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This blog has evolved into a review of historical and modern explosive devices, and responses to them. Links are drawn between historical activity and similar activity in the world today. Mostly I focus on what are now called IEDs but I have a loose personal definition of that and wilingly stray into discussions of more traditional munitions, the science and technology behind them, tactical employment and EOD responses. Sometimes it's just about interesting people in one form or another. Comment is welcome and encouraged but I do monitor it and reserve the right to delete inappropriate stuff. Guest posts are always welcome. Avoid any stuff that makes the enemy's job easier for them.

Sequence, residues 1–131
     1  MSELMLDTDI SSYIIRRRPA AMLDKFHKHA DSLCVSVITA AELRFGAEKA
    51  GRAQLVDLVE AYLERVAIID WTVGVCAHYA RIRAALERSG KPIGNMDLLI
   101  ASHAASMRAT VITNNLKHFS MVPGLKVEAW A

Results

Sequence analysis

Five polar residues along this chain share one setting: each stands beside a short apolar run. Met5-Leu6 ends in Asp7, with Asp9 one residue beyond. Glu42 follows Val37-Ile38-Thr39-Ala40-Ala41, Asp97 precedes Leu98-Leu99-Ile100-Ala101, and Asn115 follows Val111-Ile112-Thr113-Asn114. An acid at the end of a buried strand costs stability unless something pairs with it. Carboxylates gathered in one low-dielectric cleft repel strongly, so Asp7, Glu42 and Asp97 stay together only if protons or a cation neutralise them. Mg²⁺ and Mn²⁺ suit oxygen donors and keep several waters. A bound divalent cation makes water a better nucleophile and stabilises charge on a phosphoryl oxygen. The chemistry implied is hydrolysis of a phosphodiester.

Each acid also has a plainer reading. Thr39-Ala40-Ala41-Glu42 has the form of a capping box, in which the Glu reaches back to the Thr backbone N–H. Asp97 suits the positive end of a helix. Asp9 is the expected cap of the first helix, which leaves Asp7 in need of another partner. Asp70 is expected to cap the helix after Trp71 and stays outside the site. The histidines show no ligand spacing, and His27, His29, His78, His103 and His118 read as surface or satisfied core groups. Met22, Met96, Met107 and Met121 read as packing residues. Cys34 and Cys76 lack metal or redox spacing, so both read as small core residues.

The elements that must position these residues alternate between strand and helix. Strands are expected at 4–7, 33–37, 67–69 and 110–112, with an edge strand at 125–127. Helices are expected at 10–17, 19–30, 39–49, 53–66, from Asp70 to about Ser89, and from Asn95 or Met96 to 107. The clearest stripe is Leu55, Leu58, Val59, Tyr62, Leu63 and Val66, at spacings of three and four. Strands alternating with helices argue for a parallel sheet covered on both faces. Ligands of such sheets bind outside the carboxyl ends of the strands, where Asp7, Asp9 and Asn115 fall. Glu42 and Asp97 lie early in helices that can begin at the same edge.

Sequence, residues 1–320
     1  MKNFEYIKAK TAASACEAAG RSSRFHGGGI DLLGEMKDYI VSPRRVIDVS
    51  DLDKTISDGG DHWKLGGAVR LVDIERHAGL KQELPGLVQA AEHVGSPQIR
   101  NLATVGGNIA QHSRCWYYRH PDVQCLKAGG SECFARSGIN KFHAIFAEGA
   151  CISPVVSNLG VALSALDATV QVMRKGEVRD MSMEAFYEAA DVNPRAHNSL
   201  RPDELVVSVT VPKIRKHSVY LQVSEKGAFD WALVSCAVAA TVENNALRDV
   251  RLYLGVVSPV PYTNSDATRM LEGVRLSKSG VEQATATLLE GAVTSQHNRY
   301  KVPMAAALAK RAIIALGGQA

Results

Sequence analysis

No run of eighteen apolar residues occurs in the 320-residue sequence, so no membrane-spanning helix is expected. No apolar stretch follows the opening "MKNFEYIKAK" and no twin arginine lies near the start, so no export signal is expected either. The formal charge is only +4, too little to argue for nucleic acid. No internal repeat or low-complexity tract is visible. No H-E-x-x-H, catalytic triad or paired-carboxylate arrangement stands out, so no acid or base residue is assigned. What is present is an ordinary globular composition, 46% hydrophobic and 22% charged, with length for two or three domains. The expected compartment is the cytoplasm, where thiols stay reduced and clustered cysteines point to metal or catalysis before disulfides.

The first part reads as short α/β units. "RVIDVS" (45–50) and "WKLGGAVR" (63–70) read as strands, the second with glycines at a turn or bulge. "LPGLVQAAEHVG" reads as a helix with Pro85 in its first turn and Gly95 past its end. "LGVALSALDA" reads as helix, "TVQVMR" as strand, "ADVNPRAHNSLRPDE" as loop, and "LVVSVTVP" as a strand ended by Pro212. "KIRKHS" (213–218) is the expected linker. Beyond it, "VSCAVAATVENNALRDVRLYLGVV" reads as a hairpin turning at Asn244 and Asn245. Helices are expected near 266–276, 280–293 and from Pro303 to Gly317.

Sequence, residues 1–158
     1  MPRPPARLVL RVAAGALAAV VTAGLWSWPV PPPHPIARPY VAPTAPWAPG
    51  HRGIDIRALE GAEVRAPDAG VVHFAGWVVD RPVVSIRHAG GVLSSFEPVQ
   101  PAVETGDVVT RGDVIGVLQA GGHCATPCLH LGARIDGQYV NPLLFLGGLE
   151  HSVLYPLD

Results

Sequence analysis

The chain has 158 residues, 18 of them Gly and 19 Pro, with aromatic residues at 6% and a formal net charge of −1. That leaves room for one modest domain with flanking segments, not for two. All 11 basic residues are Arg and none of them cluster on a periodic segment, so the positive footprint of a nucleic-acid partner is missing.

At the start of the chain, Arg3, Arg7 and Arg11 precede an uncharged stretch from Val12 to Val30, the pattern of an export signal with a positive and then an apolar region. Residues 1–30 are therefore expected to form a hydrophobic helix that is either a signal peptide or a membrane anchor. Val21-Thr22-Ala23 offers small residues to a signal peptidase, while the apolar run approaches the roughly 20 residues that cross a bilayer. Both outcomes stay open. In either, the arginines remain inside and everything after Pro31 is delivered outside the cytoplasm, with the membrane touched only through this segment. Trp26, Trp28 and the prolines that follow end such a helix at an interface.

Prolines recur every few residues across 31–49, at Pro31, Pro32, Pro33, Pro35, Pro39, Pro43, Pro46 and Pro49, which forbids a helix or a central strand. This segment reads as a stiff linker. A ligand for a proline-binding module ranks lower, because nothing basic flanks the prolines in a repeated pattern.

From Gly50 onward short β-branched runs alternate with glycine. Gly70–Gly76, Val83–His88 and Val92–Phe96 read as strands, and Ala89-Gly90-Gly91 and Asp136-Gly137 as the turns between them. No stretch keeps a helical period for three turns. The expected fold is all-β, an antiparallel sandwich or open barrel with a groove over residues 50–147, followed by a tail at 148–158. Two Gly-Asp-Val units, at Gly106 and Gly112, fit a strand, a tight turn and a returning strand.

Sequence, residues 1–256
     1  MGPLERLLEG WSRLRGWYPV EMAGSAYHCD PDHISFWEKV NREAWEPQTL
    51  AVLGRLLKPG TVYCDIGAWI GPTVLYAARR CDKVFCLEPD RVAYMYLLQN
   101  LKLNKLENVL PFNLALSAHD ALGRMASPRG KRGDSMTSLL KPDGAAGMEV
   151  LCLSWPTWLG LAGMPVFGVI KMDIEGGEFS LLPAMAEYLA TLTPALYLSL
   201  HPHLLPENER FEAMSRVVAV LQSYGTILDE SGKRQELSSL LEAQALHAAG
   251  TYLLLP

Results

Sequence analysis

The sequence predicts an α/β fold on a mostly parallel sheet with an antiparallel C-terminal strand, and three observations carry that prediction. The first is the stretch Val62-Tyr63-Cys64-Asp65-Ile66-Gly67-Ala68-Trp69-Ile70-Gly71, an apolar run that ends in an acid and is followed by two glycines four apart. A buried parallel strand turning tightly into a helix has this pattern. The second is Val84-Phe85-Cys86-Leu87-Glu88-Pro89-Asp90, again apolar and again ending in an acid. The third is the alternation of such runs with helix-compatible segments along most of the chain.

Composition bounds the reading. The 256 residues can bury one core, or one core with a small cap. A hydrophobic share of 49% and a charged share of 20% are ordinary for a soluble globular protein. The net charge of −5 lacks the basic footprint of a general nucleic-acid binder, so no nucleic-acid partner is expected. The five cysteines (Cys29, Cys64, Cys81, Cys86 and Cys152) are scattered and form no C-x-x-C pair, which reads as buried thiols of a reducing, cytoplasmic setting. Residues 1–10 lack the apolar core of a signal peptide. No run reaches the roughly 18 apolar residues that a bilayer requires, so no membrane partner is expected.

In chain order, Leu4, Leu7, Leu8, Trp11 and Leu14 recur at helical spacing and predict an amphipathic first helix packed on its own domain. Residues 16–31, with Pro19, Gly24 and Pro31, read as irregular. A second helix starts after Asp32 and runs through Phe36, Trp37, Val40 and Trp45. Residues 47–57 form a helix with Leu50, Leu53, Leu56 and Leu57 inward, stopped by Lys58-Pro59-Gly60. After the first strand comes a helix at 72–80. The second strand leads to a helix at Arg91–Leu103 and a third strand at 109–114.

A note on moral perspectives. Throughout this blog there are descriptions of all sorts of people using IEDs, explosives, or suffering the consequences. Some of the people using IEDs are thought of as heroes by some and terrorists by others. One person's good guy fighting for a cause is another person's evil demon.  It's complicated, and history adds another series of filters too. All of us too live in a narrative made up around however we were brought up, what we were taught and what we learned along the way, rightly or wrongly. So if you sense moral ambivalence, one way or the other, well, I'm guilty and I'm not perfect.  By and large though, I have unapologetic sympathy for those dealing with the devices, whether they be soldiers, cops, or whatever, even those who are part of Nazi or other nasty regimes. That's the cool thing about EOD techs - we don't really care who the enemy is.